RARE '33 BUICK SERIES '57, 230 STRAIGHT 8, 3-SPEED, DRIVES GREAT/LOOKS BETTER!!
Buick was on a roll in 1933, and while overall production was down due to the Great Depression, Buick didn't stop moving forward. This 1933 Buick Series 57 sedan's combination of awesome styling, big car comfort, and a powerful straight-8 powerplant was the envy of the industry and it remains a great combination that still works for today's hobbyist.
1933 was Buick's lowest production year ever, making this a fairly rare car with just 19,109 being built. That seems like a big number until you realize that it was nearly half of Buick's total that year. Yikes! Fortunately, they didn't skimp on the good stuff, giving the car a thorough restyling that made it sleek, modern, and very attractive. The laid-back grille was clearly an evolution of the 1932 piece, but it's now mostly painted to match the body and fitted with a pretty mesh insert instead of the usual louvers. The dark blue paint is very correct for a car from the early 1930s, as many owners with the means to buy such a car didn't wish to attract attention. Nevertheless, this is a handsome car from any angle. The skirted fenders hold sidemounts that make it look far more expensive than it is and permit a rear-mounted trunk rack that expands cargo space. The paint was probably done in the 1970s, so there's definitely some patina, but the overall look is that of a car that's led an easy life and has been maintained properly. Just look at the photos; there's not a bad line anywhere on this Buick!
The olive-colored mohair interior is quite possibly original and it's in decent shape. You could restore it, but that would put you upside-down pretty quickly, and the originality is something that you should cherish rather than replace. The carpets are certainly replacements that fit well and look good, and for the most part, it's in pretty nice shape. There's the usual wear where the driver's seat might drag across the upholstery, but there are no rips, tears, or splits to note and the door panels are all quite good. The woodgrained dash is full of big, round gauges and the giant steering wheel makes guiding the big sedan something you can do with your fingertips. There's massive space in the back seat area, which includes more wood garnish moldings, a pair of assist straps for climbing in, and a very exclusive feeling.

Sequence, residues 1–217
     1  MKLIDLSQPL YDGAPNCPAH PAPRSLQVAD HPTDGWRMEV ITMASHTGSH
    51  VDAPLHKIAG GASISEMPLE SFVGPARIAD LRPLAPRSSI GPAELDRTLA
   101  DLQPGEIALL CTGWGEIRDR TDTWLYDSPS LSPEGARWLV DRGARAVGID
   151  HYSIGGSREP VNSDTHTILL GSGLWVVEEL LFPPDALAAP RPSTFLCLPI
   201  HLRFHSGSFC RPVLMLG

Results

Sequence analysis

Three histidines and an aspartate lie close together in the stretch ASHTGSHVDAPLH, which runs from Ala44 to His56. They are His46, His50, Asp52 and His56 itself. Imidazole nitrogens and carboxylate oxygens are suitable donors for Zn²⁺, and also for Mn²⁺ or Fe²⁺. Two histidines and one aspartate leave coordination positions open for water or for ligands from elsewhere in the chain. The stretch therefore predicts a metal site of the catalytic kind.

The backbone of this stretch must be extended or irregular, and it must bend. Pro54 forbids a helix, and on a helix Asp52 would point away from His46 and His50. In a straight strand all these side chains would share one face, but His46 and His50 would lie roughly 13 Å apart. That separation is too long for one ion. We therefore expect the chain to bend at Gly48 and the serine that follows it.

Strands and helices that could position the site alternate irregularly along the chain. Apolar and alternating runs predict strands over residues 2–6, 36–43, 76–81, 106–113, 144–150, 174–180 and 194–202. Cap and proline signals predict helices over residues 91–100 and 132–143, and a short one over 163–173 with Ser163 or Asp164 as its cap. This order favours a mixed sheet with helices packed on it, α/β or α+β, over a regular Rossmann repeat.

Buick's 230 cubic inch overhead valve straight-8 was state-of-the-art in 1933, a time when everyone else was still using flatheads. Smooth, torquey, and comfortable at modern speeds, it's a great powerplant that has proven its durability over the years. It's fed by a correct updraft carburetor that's been recently rebuilt and remarkably, the manifolds are not cracked or broken. It idles quietly at about 500 RPM and pulls with a wonderful eight cylinder growl from the single tailpipe out back, although it's quite different from the familiar V8 sound. The three-speed manual transmission has synchromesh on 2nd and 3rd, so it feels like your modern car, and clutch action is light. Brakes were still mechanical, so plan your stops, although these are more capable than many of this car's peers. The undercarriage is largely original and it's greasy, but there are no trouble spots that you need to worry about, even with the newly-introduced steel floors. Pretty 17-inch artillery-style wheels were standard equipment and it's nice to see that they selected blackwall tires, which likely would have been original equipment as well.
A big, handsome, relatively fast sedan, this Buick makes for a great entry to AACA events and tours, where you'll be the envy of many thanks to the car's great road manners. Call today!
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